Trucks will bring different foods and dining experiences to downtown Phoenix every week on Fridays from 11 a.m. until 1 p.m., said Cindy Gentry, executive director of the Phoenix Public Market.
“It’ll be a blast,” Gentry said. “The trucks are a lot of fun. It’ll bring activity, energy and different food than is normally served for lunch downtown.”
Gentry said she is expecting over 100 people at the first weekly food court on Friday but that the Phoenix Public Market is ultimately expecting a slow start.
“I think the food court is going to grow,” said Gentry, who said the first food trucks began parking in the lot this summer. “We have had four additional trucks inquire, but the idea is to make sure we have the customer base … we need to stay conservative and pay attention to our customers and the demand.”
The plan for the food court is to start slow and steady, beginning with five lunch trucks and one dessert truck, said Brad Moore, owner of Short Leash Hotdogs, the first food truck to began parking at the Phoenix Public Market lot.
“We’ll treat it like a mall food court,” Moore said. “We’ll have one option for each style … that way there is no direct competition and it’s more of a collaborative effort.”
Food trucks have been catching on in other major cities, such as Los Angeles, Moore said. Now, he said, he wants to bring this alive in Phoenix as well.
“We are so excited. It’ll be a cool cultural event,” Moore said. “I think gourmet street food is really catching on elsewhere, and now it’s Phoenix’s turn.”
The mobile-food court will generate traffic and awareness for the market, making it mutually beneficial, Moore said.
“Our goal is create synergy between the food trucks and the Phoenix Public Market itself,” Moore said.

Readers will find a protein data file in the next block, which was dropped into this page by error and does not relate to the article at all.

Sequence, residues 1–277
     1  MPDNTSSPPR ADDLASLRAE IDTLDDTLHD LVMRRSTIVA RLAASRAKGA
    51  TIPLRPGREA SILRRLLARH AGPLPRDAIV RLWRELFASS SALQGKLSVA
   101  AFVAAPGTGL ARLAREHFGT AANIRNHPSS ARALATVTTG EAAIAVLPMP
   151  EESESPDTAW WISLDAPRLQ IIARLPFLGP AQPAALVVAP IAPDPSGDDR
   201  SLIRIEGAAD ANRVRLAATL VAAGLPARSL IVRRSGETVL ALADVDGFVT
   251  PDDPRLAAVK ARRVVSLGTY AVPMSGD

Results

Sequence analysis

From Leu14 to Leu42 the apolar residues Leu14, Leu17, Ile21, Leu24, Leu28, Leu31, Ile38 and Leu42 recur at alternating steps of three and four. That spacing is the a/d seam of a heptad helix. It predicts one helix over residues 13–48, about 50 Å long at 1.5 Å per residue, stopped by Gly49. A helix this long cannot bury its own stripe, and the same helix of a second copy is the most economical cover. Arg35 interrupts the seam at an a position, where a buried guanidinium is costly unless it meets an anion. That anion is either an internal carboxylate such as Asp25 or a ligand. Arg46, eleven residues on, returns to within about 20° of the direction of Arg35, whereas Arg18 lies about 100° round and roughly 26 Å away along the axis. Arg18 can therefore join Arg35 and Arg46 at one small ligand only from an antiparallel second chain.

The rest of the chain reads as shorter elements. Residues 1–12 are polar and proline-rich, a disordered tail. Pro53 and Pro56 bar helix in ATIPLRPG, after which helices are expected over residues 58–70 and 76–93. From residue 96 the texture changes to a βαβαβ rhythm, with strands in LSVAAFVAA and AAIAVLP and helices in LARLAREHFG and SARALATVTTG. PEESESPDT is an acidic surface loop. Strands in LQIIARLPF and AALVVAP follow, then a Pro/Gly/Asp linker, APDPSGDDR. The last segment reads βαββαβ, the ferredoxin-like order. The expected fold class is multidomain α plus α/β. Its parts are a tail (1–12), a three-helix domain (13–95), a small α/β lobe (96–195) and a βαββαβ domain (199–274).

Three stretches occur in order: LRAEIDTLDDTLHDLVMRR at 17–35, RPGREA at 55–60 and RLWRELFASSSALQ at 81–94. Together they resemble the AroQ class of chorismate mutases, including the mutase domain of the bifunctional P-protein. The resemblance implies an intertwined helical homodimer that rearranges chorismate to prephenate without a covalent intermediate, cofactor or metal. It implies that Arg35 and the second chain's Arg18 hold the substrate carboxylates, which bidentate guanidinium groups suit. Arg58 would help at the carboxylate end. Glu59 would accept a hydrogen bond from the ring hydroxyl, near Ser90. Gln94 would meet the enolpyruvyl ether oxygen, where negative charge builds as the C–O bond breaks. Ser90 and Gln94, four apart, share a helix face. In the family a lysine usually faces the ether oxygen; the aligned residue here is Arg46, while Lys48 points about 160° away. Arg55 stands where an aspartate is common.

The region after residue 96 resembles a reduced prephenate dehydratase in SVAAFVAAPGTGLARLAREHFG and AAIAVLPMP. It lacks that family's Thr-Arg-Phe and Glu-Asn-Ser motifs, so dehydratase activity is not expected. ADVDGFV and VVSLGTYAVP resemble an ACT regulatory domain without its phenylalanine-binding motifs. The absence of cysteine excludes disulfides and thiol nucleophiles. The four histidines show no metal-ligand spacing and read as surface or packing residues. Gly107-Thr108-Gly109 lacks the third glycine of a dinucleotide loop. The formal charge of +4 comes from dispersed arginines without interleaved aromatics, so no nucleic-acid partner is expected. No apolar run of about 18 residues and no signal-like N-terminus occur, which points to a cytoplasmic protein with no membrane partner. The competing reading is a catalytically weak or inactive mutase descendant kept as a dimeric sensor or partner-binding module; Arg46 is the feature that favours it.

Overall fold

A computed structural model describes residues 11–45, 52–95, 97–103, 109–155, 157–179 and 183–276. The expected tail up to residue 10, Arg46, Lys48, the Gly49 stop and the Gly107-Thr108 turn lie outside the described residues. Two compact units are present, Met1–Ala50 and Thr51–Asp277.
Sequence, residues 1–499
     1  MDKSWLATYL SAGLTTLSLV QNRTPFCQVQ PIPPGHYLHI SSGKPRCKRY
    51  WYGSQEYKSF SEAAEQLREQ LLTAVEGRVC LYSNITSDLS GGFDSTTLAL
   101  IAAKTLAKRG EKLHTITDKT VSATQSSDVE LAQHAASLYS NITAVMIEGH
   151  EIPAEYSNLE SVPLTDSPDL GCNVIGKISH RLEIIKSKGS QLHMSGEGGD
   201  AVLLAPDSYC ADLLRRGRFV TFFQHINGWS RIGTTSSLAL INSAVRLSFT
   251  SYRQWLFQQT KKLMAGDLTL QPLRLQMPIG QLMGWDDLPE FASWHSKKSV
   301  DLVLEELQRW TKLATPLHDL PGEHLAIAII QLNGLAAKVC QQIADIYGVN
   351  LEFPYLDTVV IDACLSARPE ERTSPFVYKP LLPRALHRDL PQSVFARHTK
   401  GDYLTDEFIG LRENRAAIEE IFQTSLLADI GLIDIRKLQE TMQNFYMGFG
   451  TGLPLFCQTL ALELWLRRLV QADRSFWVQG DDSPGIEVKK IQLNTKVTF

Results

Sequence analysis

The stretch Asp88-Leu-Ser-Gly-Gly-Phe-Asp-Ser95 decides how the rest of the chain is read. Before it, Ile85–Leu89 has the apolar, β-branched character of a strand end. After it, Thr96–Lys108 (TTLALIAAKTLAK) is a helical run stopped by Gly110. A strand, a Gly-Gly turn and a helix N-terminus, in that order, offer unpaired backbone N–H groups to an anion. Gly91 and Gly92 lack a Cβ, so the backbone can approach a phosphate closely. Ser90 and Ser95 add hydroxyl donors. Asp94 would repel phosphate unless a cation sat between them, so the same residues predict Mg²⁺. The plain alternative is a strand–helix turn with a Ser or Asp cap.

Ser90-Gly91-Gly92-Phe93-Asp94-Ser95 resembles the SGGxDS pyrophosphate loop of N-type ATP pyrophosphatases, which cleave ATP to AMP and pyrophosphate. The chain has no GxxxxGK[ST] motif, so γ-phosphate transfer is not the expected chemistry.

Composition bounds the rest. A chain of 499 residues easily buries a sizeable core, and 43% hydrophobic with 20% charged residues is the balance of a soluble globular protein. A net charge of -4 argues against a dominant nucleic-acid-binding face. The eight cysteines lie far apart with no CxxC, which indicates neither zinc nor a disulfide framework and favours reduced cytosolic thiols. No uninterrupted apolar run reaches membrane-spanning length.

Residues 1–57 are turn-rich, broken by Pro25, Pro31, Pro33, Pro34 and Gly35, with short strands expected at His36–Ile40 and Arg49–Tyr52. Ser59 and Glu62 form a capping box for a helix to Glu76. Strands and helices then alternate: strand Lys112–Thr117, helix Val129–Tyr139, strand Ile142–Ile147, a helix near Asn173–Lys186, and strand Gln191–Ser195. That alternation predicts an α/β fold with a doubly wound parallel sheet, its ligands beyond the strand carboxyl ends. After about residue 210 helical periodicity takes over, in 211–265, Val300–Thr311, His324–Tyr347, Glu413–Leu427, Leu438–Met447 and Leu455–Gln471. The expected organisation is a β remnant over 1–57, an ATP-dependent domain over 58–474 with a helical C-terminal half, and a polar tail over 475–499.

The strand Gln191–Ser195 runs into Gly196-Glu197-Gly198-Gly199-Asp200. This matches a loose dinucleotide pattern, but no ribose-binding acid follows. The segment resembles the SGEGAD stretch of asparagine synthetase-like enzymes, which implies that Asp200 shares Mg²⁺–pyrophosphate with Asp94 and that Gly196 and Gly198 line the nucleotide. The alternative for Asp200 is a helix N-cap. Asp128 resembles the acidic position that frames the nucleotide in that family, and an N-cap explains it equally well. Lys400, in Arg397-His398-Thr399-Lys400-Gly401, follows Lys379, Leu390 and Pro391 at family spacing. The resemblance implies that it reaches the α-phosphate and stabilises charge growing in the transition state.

Tanya Chakravarty, co-owner of Sunshine and Spice, a participating food truck, said they decided to use a truck because it can make their food more affordable for people, providing locally grown food with fewer overhead costs.
Chakravarty said the owners of Sunshine and Spice try to focus on the “quality of the food they prepare, how it affects people and where it comes from,” and that a food truck allows them to do just that.
With affordable prices, a sparkly truck and their “Asian taco fusion” cuisine, Chakravarty said she hopes to both attract business to her truck and bring attention to the market itself.
“We want to bring people, not just for lunch on Fridays but introduce people to what the Phoenix Public Market has to offer as well,” Chakravarty said.
Chakravarty said she is also expecting a slow start to the mobile-food court until the word gets out about it. She said she is anticipating approximately 30 customers on Friday but hopes the customer base quadruples by January.
“I think this is the time in Phoenix where we’re going to find the beauty of good food served from such a small kitchen,” Chakravarty said.
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